Load balancing with Websphere Service Registry and Repository

This article guides you through the steps required to create a load balancing feature in a mediation module. You'll learn how to set up WebSphere® ESB to implement a custom mediation for WebSphere Service Registry and Repository, how to query Service Registry and Repository to retrieve content through an API, and how to identify scenarios in which you might want to use load balancing.

Muhammed Yaseen Muriankara (muhammedyaseen@in.ibm.com), SOA Architect, IBM

Muhammed Yaseen photoMuhammed Yaseen Muriankara is an SOA Architect at the IBM India Software Lab in Bangalore, India. He has over nine years of experience in software development, and has been architecting solutions for the past six years. Prior to working at IBM, he was an ESB and service registry and repository architect, and is now working with IBM Business Partner Technical and Strategic Enablement to enable systems integrators and partners in SOA and WebSphere products. You can reach Yaseen at muhammedyaseen@in.ibm.com.



22 August 2007

Introduction

Multiple instances of a service are often used to provide high availability, load balancing and scalability. These qualities of service are often provided by Websphere XD or hosting the services in a clustered environment. However, in situations where this isn't possible, for example when the service implementations already exist and are provided by different vendors or when services are available and are hosted on heterogeneous systems that cannot be clustered, or when non-clustered versions of the services already exist, a mechanism is needed to provide the appropriate routing to those services during execution time. In cases like this, Websphere Services Registry and Repository (hereafter called Services Registry and Repository) can host the metadata necessary to achieve the load balancing between those services. Websphere Enterprise Service Bus (hereafter called ESB) provides the run-time capability for such routing. This article takes you through the steps required to create a load balancing feature in a mediation module. You'll learn how to set up ESB to implement a custom mediation for Service Registry and Repository, how to query Service Registry and Repository to retrieve content through an API, and how to identify scenarios in which you might want to use load balancing.

To get the most out of this article, you should have a basic understanding of Service Registry and Repository and mediation development in ESB, as well as a good understanding of Java™ programming, Web services standards, and architectural and design patterns.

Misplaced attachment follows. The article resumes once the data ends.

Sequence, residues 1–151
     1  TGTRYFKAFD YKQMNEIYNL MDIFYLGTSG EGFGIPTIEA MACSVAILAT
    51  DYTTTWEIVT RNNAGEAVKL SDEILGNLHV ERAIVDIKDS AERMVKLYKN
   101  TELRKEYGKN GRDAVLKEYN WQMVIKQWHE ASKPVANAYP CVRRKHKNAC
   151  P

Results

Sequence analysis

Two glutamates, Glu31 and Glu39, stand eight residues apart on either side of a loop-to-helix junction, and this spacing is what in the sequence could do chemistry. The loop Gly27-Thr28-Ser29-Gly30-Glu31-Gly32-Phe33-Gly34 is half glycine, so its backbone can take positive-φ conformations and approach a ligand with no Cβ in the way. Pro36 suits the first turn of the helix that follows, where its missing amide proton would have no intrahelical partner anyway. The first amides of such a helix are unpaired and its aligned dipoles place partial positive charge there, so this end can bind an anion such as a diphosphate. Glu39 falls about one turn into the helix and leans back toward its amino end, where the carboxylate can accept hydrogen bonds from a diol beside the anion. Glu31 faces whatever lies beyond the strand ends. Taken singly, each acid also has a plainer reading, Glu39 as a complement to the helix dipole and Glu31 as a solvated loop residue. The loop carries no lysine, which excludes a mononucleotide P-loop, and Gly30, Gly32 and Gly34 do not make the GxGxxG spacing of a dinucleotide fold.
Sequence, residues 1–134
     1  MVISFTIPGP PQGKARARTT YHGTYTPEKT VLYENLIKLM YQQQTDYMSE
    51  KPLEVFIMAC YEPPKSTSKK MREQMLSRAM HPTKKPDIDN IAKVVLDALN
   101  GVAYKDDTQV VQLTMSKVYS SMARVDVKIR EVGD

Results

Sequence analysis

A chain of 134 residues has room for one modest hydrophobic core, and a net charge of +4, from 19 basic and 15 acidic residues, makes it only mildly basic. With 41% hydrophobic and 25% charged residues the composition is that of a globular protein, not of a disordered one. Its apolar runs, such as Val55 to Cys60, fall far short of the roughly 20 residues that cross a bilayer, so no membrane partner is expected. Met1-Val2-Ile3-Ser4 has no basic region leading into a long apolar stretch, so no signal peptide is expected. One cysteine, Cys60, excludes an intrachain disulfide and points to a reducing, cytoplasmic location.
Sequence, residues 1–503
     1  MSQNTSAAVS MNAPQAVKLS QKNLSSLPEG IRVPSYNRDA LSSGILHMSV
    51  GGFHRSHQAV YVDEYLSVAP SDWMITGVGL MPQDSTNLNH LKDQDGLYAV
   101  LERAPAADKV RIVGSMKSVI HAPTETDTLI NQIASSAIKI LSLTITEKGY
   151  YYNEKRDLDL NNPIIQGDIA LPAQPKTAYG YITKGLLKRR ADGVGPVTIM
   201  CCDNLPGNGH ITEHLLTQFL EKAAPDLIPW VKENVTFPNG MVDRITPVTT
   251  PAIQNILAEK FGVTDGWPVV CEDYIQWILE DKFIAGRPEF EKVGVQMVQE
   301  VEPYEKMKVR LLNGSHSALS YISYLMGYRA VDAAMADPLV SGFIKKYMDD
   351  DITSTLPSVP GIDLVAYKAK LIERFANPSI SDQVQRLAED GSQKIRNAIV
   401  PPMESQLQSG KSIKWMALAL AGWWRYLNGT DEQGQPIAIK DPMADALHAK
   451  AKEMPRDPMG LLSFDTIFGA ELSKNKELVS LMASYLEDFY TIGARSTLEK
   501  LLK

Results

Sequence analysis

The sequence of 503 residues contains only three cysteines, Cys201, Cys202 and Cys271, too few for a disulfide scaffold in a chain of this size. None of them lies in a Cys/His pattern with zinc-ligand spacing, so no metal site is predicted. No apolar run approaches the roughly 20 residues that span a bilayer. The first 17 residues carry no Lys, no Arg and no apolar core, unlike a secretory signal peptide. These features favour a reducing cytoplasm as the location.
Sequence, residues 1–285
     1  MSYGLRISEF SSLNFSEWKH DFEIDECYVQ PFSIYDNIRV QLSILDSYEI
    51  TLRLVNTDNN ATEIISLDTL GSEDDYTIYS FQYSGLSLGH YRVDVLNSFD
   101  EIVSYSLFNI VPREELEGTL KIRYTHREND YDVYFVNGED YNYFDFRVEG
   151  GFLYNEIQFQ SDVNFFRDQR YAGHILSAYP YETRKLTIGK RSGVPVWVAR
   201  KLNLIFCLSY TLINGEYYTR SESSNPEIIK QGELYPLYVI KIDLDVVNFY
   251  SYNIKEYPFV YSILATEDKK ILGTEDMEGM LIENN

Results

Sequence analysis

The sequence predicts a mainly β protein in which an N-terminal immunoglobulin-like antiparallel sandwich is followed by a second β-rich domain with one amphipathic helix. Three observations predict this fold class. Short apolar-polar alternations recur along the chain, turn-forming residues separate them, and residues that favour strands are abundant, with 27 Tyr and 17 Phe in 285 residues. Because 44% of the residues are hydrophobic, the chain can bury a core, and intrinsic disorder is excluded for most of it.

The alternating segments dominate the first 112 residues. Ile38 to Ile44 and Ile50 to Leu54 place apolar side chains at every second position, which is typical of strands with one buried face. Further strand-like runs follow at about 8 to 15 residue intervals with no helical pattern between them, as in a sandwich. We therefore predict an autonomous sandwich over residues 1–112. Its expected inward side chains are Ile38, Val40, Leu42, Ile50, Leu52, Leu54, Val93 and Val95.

The evolution of business in terms of responsiveness, dynamicity, and flexibility is perpetual. One of the key catalysts to this evolution is automating the processes and sub-processes within a business. SOA has gained popularity and acclaim as a way of architecting automation because of its low cost and faster time to market. The most popular and interoperable way for a business to create an SOA is to use Web services over HTTP. The composite and atomic Web services that form part of an architecture should meet certain qualities of service (QOS), such as:

  • Availability (is it running)
  • Integrity/reliability (will it crash while I run/how often)
  • Throughput (how many simultaneous requests can I run)
  • Latency (response time)
  • Regulatory (conformance to standards)
  • Security (confidentiality, authentication)

In this article, we'll focus on availability and integrity.

The use cases for this scenario as modeled in Rational Software Architect V7 are shown in Figures 1, 2, and 3.

Figure 1. Use case from a user perspective
Figure 1. Use case from a user perspective
Figure 2. Use case from a business analyst perspective
Figure 2. Business Analyst
Figure 3. Use case from an IT architect perspective
Figure 3. IT Architect perspective

The solution to the above use cases is the following architecture, as shown in Figure 4.

  1. Service Registry and Repository is populated with the service-related metdata
  2. The request from the customer is directed to ESB mediation module, which handles the service routing based on the services metadata from Service Registry and Repository.
  3. The routing logic and implementation can be reused across multiple mediations by making the logic an API hosted in a shared library on the ESB server.
  4. The API is called from the custom mediation module and queries Service Registry and Repository for endpoints, then returns the next endpoint based on the routing logic.
  5. The queried results from Service Registry and Repository are cached to improve performance.

Figure 4 illustrates this architecture:

Figure 4. Architectural overview
Figure 4. Architectural overview

Figure 5 summarizes the sequence of operations. The components do not provide a one-to-one mapping, but the figure explains the sequence.

Figure 5. Sequence diagram
Figure 5. Sequence diagram

The router API